"Teach me, and I will be quiet; show me where I have been wrong. How painful are honest words! But what do your arguments prove? Do you mean to correct what I say, and treat my desperate words as wind? You would even cast lots for the fatherless and barter away your friend." (Job 6:24-27) Job challenges them to prove he has been living wrong and that he is in error when he complains about his troubles. Though such words would hurt (how painful are honest words) he is willing to accept them if they are true. King Solomon once pointed out that the wounds from a friend can be trusted (Proverbs 27:6) but he was speaking of true friends, not the type of friends Job has. True friends might hurt us with the truth, but they will do so in love. A true friend will feel compelled to come privately to us and express concern that we are going down the wrong path. These wounds hurt, but they are faithful wounds which lead to healing and restoration. The wounds Job's companions are inflicting on him do not have the power to help. They are not faithful wounds. They are cruel words coming from men who are so frightened by Job's calamities that they must either find fault with him or else face the fact that bad things sometimes happen even to the godly.

Job says, "Men like you who would wound a friend without cause are as bad as those who mistreat the orphan and the needy. You are willing to kick the one who is already down. You had one job, and that was to come here and mourn with me and to lend me the comfort of your presence. Instead you've made me feel worse than I did before."

"But now be so kind as to look at me. Would I lie to your face? Relent, do not be unjust; reconsider, for my integrity is at stake. Is there any wickedness on my lips? Can my mouth not discern malice?" (Job 6:28-30) I think these men have been unable to look Job in the eye while Eliphaz accused him of sin and while they maintained judgmental attitudes. They can't look him in the eye because they can't back up their belief that he deserves his troubles. So now he demands that they look him in the face and see that he is being honest with them. He knows of nothing standing between him and God. Of course he makes mistakes from time to time just like any other human being, but he is a man quick to repent when he realizes he has stumbled. He has not been living with some secret sin, cherishing wickedness in his heart. His relationship with the Lord has always been the most important thing in his life and he has never allowed anything to hinder it. He pleads with his friends, "Don't you know me well enough to realize that I can tell good from evil? Can I not recognize sin in my life? Do I not understand the word of God? Would I not be able to tell if there was something so wicked in my life that I deserved the loss of everything I had?"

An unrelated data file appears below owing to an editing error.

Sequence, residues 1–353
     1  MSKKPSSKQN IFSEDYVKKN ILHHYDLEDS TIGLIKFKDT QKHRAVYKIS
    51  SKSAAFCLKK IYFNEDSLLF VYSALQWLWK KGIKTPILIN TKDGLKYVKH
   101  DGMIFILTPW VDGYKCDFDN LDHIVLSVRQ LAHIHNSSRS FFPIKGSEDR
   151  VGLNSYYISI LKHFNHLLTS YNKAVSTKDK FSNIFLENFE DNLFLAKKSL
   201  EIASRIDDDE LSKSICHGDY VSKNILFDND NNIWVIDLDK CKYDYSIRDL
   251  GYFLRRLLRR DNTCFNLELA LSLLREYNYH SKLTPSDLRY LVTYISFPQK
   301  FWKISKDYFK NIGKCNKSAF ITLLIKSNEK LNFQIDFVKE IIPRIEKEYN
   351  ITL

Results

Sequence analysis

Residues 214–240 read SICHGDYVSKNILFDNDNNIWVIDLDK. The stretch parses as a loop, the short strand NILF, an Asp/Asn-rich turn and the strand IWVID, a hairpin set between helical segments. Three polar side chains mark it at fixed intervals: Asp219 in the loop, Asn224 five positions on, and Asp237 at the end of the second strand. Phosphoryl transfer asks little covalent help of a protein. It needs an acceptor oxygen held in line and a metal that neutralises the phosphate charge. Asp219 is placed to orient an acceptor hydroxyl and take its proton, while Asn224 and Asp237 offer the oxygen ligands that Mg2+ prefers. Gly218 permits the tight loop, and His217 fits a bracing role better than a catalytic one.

Something that struck me during this study of Job is that his situation is not as unique as I had always believed. Since the beginning of time many men and women have lost everyone and everything they had. They've lost most or all of their family members due to wars, natural disasters, plane crashes, train derailments, and terrorist attacks. Just think of the atrocities of the Holocaust when entire families and fortunes were wiped out. Consider the massive loss of life that occurred in New York when the Twin Towers were attacked. It's possible to lose an entire family and an entire fortune in a single day, just as Job did. Does this mean these people were such terrible sinners they deserved their fate? No, no more than the eighteen people upon whom the tower of Siloam fell were worse than any other people, according to the Lord Jesus. (Luke 13:4) Bad things sometimes happen to good people. There is nothing you or I possess that we cannot lose except our relationship with the Lord. If that happens, is He going to be enough for us? This is where Job finds himself. He has lost his children and his fortune, his wife is in a crisis of faith and unable to help him, and his friends are behaving like enemies. He has nothing left but the Lord. Is He going to be enough? Will His grace be sufficient for Job as it was for the Apostle Paul? (2 Corinthians 12:9) Will his love be more important to Job than life itself, as David declared? (Psalm 63:3) Will he be able to trust the Lord even when he doesn't understand?